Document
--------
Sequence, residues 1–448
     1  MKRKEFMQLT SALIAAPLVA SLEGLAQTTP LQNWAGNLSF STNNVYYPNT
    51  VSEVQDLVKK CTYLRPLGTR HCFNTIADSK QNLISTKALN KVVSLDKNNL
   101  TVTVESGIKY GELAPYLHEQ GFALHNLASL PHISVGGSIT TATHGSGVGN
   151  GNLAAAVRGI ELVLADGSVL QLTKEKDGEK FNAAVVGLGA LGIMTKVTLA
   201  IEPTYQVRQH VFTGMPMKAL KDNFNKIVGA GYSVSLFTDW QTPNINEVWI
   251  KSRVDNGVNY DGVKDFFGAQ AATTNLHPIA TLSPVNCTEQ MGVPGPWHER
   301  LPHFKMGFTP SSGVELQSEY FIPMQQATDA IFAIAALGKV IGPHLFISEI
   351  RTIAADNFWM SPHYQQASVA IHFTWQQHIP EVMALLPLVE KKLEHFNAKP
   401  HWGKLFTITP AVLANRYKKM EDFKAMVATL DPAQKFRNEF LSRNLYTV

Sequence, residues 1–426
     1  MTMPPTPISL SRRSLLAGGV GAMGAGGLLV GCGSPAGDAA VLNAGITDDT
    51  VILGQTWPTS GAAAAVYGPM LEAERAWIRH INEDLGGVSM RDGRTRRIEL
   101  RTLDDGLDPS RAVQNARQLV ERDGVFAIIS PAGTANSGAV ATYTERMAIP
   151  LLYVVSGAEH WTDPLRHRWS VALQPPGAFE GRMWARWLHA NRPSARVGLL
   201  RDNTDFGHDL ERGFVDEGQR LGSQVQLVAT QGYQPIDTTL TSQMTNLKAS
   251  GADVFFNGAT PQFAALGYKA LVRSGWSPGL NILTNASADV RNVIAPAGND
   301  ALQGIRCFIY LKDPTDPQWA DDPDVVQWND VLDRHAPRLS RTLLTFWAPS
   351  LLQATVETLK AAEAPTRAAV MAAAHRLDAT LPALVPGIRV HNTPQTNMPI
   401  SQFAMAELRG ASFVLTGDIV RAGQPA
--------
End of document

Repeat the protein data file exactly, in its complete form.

Sequence, residues 1–448
     1  MKRKEFMQLT SALIAAPLVA SLEGLAQTTP LQNWAGNLSF STNNVYYPNT
    51  VSEVQDLVKK CTYLRPLGTR HCFNTIADSK QNLISTKALN KVVSLDKNNL
   101  TVTVESGIKY GELAPYLHEQ GFALHNLASL PHISVGGSIT TATHGSGVGN
   151  GNLAAAVRGI ELVLADGSVL QLTKEKDGEK FNAAVVGLGA LGIMTKVTLA
   201  IEPTYQVRQH VFTGMPMKAL KDNFNKIVGA GYSVSLFTDW QTPNINEVWI
   251  KSRVDNGVNY DGVKDFFGAQ AATTNLHPIA TLSPVNCTEQ MGVPGPWHER
   301  LPHFKMGFTP SSGVELQSEY FIPMQQATDA IFAIAALGKV IGPHLFISEI
   351  RTIAADNFWM SPHYQQASVA IHFTWQQHIP EVMALLPLVE KKLEHFNAKP
   401  HWGKLFTITP AVLANRYKKM EDFKAMVATL DPAQKFRNEF LSRNLYTV

Sequence, residues 1–426
     1  MTMPPTPISL SRRSLLAGGV GAMGAGGLLV GCGSPAGDAA VLNAGITDDT
    51  VILGQTWPTS GAAAAVYGPM LEAERAWIRH INEDLGGVSM RDGRTRRIEL
   101  RTLDDGLDPS RAVQNARQLV ERDGVFAIIS PAGTANSGAV ATYTERMAIP
   151  LLYVVSGAEH WTDPLRHRWS VALQPPGAFE GRMWARWLHA NRPSARVGLL
   201  RDNTDFGHDL ERGFVDEGQR LGSQVQLVAT QGYQPIDTTL TSQMTNLKAS
   251  GADVFFNGAT PQFAALGYKA LVRSGWSPGL NILTNASADV RNVIAPAGND
   301  ALQGIRCFIY LKDPTDPQWA DDPDVVQWND VLDRHAPRLS RTLLTFWAPS
   351  LLQATVETLK AAEAPTRAAV MAAAHRLDAT LPALVPGIRV HNTPQTNMPI
   401  SQFAMAELRG ASFVLTGDIV RAGQPA